Mimi is a heartwarming dramedy that draws attention to issues of childbirth, juxtaposed by the fact that millions of orphaned and vulnerable children are in need of homes.
Directed by Laxman Utekar and produced by Dinesh Vijan, the film tells the story of Mimi played by Kriti Sanon, a dancer whose dreams of making it big as an actress in Bollywood takes her life on a different turn when she agrees to become a surrogate mother to Summer (Evelyn Edwards) and John’s (Aidan Whytock) seed. The surrogacy starts out well until a misdiagnosis showing the unborn child with physical defect sees a pregnant Mimi abandoned to the task of raising a child she never planned.
Kicking off as a comedy in the first hour and some minutes of the film, viewers are given main character’s background as the only child of a traditional musician father and stay-at-home mother whose love and support contributes to her confidence, independence and ambitious dreams. This is juxtaposed with the wary but hopeful outlook of the married couple Summer and John whose surrogate-birth losses have not yet left disillusioned.
Gem moments of the movie take place in the last hour of the film, as it takes a dramatical and heartwarming turn. The protagonist’s grapple with the reality of becoming an unmarried mother of a Caucasian child, her eventual acceptance of the child, and fears of losing her child to its birth parents made the film worthwhile.
In addition to addressing issues around surrogacy such as the legalities, health issues, and conditions of such agreements; Mimi highlights the irony that while many are determined to have natural childbirth through surrogacy or in-vitro fertilization, millions of children globally are orphaned and in need of homes. According to the movie, there are over 153 million children without parents, a population with the capacity to rank the 9th most populated country in the world. The film also raises the contentious issue around surrogacy, especially in cases where the real parents abandon the child, but in cases where surrogate mothers unlike Mimi lack the support system to rear the child, or are unwilling to shoulder such responsibilities.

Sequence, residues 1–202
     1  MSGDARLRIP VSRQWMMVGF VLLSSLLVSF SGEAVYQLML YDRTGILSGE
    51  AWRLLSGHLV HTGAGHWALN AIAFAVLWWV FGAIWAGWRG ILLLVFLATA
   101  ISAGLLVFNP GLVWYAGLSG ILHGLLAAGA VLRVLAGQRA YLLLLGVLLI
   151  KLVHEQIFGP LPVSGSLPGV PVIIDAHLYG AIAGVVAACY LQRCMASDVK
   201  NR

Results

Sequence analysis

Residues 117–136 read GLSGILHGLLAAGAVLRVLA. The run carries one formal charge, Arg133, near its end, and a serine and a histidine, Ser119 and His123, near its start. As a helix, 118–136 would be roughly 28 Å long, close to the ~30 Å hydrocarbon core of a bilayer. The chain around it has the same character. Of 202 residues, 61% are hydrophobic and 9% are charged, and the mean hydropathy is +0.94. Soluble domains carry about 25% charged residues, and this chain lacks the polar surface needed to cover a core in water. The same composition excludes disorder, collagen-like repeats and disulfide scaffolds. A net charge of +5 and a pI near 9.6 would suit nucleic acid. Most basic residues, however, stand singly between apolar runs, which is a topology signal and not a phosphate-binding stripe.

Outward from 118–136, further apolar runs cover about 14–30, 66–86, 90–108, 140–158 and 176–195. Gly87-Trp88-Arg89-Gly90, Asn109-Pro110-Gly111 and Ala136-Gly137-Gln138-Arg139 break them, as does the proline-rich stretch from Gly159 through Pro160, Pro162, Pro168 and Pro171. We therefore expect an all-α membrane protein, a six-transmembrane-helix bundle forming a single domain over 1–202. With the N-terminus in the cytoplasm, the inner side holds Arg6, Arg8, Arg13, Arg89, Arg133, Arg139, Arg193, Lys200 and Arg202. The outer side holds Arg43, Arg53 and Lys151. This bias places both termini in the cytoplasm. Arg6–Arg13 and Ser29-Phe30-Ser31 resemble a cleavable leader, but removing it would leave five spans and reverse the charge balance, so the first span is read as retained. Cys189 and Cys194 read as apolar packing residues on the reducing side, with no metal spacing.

Kriti Sanon gives a convincing act as a young unconventional mother, who despite life’s hard knock raises the child in her own unique way. The actress beautifully channels the special bond between surrogate mother and her child Raj (Jacob Smith) who has become the centre of her world. Their bond is everything and a joy to see and re-watch. Props go to Jacob Smith – whose expressions, gestures, command of Indian language, and accent (though dubbed over to achieve), is a joy to watch. Same goes to actress Evelyn Edwards whose portrayal of a child-lorn mother nearly outshines Sanon’s Mimi. Pankaj Tripathi as Bhanu who is the typical comic relief character, had his moment delivering the enlightening monologue that articulates protagonist’s transformation.
The sore point of the film, however, is its hasty end. It feels unfinished, as though the writers settled for a happy ending without attention to the credibility of the resolution compared to reality.
Special prop goes to composer A.R Rahman whose composition of the movie tracks Hututu, Rock A Bye Baby among others written by Amitabh Bachchalkar, and performed by Shashaa Tirupathi, Khatija Rahman and Julia Garth elevated what would have a typical Indian movie to something more. Contrary to the usual three-hour movies interspersed with 15 to 20 minutes dancing and singing, Mimi limits the dance fests to fit scenes of the protagonist’s dance life, then uses Rahman’s music to set mood and depict passage of time.
A great family movie, Mimi is an icebreaker to discussing childbirth issues as surrogacy but a reminder to childless couples and those seeking natural childbirth that there are millions of children in the world who need their love and homes. And that one needn’t have blood relations to a child to love the child as one’s own.